jump to navigation

Microsoft Re-enters E-Book Market (sort of) February 7, 2010

Posted by Bill Rosenblatt in DRM, Publishing.
trackback

I saw a cavalcade of new e-book devices and platforms demonstrated during a session called “Hardware and Platforms and Software, Oh My!” at last week’s AAP Professional and Scholarly Publishing conference in Washington, DC.  (By the way, can someone please tell me where the “Oh My!” cliché originated?)  Among these was the Blio eReader software platform, which was demonstrated by an executive from the major book distributor Baker and Taylor.  It’s a product of K-NFB Technologies, a joint venture of Kurzweil Technologies and the National Federation of the  Blind.

The Blio eReader is a software platform that intends to be interoperable across multiple devices and operating systems including Windows, Mac, Linux, Android, Symbian, Windows Mobile, and iPhone.  Currently only Windows is supported.  Baker & Taylor is supplying the e-books to the Blio’s online store.  Despite the name and the affiliation, this software does not appear to have any application for visually impaired people.

The DRM for the Blio platform is Microsoft’s PlayReady.  Microsoft CEO Steve Ballmer demoed the Blio briefly during his CES keynote last month.  In other words, this is the closest thing there is to a new Microsoft e-book platform.  Microsoft abandoned its previous Microsoft Reader platform several years ago, a fact noted by the product’s former chief Dick Brass in a New York Times op-ed piece from last week that laments Microsoft’s lack of innovation.

Apart from the fact that the Blio accepts the open standard ePub format (as well as PDF and XPS, Microsoft’s XML-based PDF competitor), this is yet another proprietary e-book platform.  It’s not even the only purportedly device-agnostic one either: Zinio presented something similar at the Mark Logic Publishing Summit in New York last November.  In fact, the feature set of the Blio Reader resembles so-called digital edition platforms like Zinio more than it does e-readers like the Kindle, Nook, or Sony Reader.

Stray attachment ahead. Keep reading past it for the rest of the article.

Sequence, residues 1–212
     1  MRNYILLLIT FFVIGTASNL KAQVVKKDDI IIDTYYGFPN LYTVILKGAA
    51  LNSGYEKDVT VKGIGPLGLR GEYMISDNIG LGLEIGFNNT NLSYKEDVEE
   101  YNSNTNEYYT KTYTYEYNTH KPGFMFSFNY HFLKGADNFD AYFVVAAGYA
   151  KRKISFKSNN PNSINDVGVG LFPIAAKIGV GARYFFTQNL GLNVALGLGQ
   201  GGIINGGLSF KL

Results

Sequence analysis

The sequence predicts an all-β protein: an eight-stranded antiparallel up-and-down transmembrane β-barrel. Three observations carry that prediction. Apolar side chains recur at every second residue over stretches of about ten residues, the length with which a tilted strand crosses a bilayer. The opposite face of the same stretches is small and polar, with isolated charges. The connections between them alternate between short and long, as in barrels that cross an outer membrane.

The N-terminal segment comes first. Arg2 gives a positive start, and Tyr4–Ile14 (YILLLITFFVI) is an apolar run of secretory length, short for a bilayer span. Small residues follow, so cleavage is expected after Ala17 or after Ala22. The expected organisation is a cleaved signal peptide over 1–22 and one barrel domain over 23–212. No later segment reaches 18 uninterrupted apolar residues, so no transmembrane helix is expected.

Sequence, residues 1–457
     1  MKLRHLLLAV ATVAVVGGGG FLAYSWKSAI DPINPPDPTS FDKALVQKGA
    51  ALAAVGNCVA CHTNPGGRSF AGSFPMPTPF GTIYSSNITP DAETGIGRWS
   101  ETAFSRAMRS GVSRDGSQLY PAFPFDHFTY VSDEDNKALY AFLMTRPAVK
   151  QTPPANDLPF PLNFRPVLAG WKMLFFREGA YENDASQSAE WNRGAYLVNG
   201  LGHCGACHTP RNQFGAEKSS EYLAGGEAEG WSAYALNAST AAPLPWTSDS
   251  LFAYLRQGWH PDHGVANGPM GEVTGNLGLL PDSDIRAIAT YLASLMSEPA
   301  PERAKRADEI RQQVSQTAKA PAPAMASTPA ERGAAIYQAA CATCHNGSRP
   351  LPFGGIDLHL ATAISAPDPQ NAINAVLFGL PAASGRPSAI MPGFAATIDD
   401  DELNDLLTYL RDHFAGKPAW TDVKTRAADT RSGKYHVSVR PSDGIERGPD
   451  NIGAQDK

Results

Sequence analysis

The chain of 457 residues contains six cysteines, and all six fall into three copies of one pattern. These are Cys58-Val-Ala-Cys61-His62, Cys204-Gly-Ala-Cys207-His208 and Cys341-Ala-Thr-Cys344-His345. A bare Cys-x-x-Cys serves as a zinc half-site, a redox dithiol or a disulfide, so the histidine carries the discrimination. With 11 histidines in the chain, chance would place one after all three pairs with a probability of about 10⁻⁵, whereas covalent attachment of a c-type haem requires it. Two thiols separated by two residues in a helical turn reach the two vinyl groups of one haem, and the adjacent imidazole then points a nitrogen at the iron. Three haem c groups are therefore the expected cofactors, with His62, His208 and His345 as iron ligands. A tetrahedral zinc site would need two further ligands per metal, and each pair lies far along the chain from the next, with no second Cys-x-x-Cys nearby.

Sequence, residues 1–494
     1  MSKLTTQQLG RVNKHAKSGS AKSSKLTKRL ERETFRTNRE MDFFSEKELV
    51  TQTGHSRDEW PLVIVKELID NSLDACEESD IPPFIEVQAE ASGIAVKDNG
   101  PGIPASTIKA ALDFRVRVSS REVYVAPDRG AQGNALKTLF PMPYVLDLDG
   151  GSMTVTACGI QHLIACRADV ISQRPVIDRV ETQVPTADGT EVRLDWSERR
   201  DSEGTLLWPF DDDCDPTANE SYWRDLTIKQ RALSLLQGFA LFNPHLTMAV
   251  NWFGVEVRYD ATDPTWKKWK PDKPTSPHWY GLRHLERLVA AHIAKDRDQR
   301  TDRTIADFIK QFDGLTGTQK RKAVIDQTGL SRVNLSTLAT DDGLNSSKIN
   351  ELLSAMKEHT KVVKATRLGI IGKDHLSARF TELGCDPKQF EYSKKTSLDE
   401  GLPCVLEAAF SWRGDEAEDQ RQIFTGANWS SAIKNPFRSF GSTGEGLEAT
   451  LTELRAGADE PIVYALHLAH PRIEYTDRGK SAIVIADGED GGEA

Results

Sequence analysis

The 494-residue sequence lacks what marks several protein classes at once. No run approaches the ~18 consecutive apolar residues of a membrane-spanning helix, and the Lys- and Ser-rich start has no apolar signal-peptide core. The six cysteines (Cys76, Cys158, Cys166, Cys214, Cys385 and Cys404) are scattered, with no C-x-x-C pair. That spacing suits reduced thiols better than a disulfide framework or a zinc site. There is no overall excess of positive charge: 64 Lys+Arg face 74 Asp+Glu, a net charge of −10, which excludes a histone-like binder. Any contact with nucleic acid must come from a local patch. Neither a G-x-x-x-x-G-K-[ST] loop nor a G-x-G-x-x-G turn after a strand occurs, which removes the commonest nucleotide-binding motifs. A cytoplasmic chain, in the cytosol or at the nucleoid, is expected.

I’m sorry; I don’t get it.  What is the point here?  Does Baker & Taylor want to get into digital publishing niches that its arch-rival Ingram doesn’t already dominate?  Does K-NFB want to reach a wider market than the roughly 15 million visually impaired people in the United States (perhaps in order to subsidize NFB’s important work for the visually impaired)?  Does Microsoft want to dip a toe into the e-book water without the expense and exposure of a Zune-like foray?  Or is someone’s market timing just off?

Or, does the world need yet another incompatible e-book reading platform?  The answer to that one is definitely no.

This e-book platform proliferation situation is analogous to the overcaffeinated digital music platform scene of the early 2000s before the market consolidated around Apple’s iTunes/FairPlay and Microsoft’s Windows Media Player/DRM.

Note to e-reader platform vendors: look up RealNetworks’ Helix, Liquid Audio, and Sony’s ATRAC/Open Magic Gate, just to name three.

Note to publishers: if you want to hold onto DRM and grow e-book sales, you need to put a stop to this mess and insist on interoperability.  Otherwise you will fail to do one, the other, or both.

P.S. another new device demonstrated at the AAP PSP conference was the spiffy Skiff Reader, backed by the consumer publishing giant Hearst and LG Electronics.  No word on its DRM; stay tuned.